SE Linux embarks on Common Criteria testing
- By Joab Jackson
- Sep 27, 2005
The National Security Agency's Security Enhanced Linux
has started to undergo Common Criteria evaluation. Earlier this month, IBM Corp. submitted Red Hat Enterprise Linux v.5 (RHEL 5)'which includes the SE Linux module'for Evaluation Assurance Level 4.
With the evaluation in place, this version of Linux, available from Red Hat Inc. of Raleigh, N.C., in late 2006, could offer another trusted operating system for handling sensitive information. Traditionally, Sun Microsystems Inc.'s Trusted Solaris operating system has dominated this market.
'This allows our traditional customer base to look at Linux as a viable alternative,' said Ed Hammersla, chief operating officer of Trusted Computer Systems Inc. of Herndon, Va. Trusted Computer has developed some of the extensions to SE Linux that were incorporated into RHEL 5.
Atsec Information Security of Austin, Texas, is evaluating RHEL 5 on a number of IBM servers, including the xSeries, pSeries and zSeries mainframes, as well as IBM blade servers. IBM announced earlier this year that it would submit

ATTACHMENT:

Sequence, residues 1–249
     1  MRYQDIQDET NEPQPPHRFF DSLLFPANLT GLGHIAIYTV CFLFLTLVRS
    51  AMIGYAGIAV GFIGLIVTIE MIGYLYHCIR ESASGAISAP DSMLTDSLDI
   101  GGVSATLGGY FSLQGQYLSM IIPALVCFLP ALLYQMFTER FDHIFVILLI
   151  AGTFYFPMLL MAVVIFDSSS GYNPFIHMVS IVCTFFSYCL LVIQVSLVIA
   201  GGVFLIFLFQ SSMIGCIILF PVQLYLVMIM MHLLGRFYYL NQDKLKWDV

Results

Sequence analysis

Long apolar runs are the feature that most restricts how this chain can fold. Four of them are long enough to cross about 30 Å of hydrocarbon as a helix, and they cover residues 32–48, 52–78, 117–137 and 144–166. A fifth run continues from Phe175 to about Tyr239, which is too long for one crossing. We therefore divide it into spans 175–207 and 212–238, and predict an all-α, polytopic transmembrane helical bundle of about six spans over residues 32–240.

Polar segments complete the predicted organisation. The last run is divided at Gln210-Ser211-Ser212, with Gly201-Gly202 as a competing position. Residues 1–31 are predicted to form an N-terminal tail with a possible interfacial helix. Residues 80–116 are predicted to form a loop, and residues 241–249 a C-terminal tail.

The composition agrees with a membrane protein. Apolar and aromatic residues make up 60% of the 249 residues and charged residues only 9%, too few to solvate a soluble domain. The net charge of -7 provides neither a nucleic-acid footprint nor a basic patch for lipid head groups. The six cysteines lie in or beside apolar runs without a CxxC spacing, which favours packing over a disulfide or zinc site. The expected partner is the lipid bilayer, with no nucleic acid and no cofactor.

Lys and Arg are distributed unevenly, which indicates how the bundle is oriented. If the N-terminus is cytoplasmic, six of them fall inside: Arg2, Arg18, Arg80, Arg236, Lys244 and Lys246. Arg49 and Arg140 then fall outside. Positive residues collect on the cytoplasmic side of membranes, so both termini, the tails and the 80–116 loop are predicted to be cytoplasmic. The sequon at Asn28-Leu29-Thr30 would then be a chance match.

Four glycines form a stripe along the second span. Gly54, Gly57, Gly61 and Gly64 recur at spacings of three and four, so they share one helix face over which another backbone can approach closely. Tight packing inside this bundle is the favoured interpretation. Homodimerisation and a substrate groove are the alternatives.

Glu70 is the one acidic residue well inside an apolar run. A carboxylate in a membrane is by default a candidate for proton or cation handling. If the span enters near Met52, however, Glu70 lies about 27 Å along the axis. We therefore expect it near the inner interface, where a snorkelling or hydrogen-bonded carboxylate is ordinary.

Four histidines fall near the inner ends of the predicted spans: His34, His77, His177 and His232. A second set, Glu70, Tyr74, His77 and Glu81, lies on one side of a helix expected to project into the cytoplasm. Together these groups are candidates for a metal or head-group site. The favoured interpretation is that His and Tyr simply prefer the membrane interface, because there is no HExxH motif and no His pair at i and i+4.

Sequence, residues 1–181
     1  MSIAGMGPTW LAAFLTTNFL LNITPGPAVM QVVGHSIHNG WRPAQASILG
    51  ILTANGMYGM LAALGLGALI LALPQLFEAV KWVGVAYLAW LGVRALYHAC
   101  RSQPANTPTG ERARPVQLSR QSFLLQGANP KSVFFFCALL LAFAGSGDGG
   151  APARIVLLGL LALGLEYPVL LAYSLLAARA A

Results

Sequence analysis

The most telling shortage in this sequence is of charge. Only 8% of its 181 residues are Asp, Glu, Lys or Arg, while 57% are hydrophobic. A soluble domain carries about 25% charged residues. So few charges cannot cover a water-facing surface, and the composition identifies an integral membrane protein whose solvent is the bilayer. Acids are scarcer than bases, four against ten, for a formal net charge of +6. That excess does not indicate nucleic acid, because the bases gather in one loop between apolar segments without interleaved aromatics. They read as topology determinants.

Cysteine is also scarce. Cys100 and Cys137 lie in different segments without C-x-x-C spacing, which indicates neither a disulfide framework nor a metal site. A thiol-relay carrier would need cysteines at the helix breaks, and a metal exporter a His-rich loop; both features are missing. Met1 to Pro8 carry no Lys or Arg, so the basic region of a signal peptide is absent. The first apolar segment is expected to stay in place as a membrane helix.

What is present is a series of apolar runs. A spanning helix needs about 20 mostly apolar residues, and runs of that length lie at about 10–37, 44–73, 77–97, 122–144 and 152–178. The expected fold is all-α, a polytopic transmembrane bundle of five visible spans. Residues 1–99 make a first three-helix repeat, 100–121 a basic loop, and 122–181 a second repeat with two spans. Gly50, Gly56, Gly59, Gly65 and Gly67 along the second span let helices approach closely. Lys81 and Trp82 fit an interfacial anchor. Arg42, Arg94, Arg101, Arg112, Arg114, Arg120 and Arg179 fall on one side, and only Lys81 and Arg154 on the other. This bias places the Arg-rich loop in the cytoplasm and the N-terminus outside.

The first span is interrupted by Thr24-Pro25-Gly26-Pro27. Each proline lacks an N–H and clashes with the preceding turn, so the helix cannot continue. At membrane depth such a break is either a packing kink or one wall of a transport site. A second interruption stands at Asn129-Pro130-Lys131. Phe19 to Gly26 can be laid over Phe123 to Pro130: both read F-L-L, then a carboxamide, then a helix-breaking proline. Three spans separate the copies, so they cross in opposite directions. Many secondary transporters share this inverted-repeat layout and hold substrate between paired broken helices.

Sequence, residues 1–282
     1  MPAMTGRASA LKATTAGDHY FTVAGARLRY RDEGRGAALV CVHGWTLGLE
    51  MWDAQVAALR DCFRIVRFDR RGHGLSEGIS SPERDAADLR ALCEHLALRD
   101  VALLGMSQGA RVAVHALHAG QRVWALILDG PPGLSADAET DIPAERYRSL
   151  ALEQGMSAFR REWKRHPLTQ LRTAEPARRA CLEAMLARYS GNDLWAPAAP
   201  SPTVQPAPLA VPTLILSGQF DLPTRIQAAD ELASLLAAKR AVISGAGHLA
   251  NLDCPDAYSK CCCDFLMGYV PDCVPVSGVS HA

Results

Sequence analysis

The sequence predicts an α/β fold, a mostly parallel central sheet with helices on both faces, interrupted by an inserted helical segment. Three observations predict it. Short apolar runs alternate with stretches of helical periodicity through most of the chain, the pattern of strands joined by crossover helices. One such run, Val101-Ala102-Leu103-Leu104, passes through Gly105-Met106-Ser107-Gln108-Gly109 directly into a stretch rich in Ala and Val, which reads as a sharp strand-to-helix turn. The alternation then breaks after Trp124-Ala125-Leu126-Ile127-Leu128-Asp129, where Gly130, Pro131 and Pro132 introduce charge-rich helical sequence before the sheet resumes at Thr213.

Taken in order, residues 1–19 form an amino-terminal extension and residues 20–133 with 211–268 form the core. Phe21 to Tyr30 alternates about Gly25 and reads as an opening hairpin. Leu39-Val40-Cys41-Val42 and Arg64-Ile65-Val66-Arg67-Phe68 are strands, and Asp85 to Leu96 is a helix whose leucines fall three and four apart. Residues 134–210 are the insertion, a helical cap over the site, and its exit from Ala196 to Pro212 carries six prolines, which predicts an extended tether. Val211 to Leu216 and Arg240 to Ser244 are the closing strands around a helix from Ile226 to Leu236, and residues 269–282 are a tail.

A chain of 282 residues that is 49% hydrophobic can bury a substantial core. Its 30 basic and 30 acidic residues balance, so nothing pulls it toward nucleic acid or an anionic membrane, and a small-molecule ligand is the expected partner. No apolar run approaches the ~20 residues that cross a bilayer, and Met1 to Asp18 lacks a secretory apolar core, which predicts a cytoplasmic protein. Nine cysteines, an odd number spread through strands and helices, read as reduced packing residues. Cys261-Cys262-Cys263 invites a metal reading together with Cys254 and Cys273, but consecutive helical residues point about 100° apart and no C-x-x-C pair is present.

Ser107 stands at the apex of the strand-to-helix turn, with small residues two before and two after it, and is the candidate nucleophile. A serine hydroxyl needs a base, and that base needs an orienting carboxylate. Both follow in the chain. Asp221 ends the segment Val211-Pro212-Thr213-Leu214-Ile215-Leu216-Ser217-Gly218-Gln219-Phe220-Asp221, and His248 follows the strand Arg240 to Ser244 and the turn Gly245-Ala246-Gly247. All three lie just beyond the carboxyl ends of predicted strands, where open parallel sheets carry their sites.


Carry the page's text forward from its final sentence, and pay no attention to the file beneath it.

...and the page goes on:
SE Linux to the National Information Assurance Partnership's Common Criteria Evaluation and Validation Scheme.
SE Linux is a set of software controls that can be used with Linux to confine the actions of any process to a predetermined set of options, allowing for a far finer grained policy-based management of applications than operating systems offer.
'We're moving away from discretionary access control, so the permissions for usage are out of the hands of users and rogue programs,' said Paul Smith, head of Red Hat's government office.
SE Linux lays the groundwork for Trusted Computer Systems' Application Suite, for instance, which permits a single computer to run multiple security levels. This multilevel security approach eliminates the need to keep multiple computers at a single desktop, each for a different security level.
Hammersla noted that because RHEL 5 is under evaluation, agencies can use it to fulfill NSTISSP No. 11 National Policy, which calls for the use
of Common Criteria-certified products to be used on networks that carry sensitive information.
Although Red Hat won't officially release RHEL 5 until late next year, users can test early implementations available
through the Fedora Linux distribution, a volunteer effort that packages beta issues of the Red Hat Enterprise Linux. Purchasers of Trusted Computer Systems' Application Suite can also get the operating system, since it is included in that software package as well.
Joab Jackson is the senior technology editor for Government Computer News.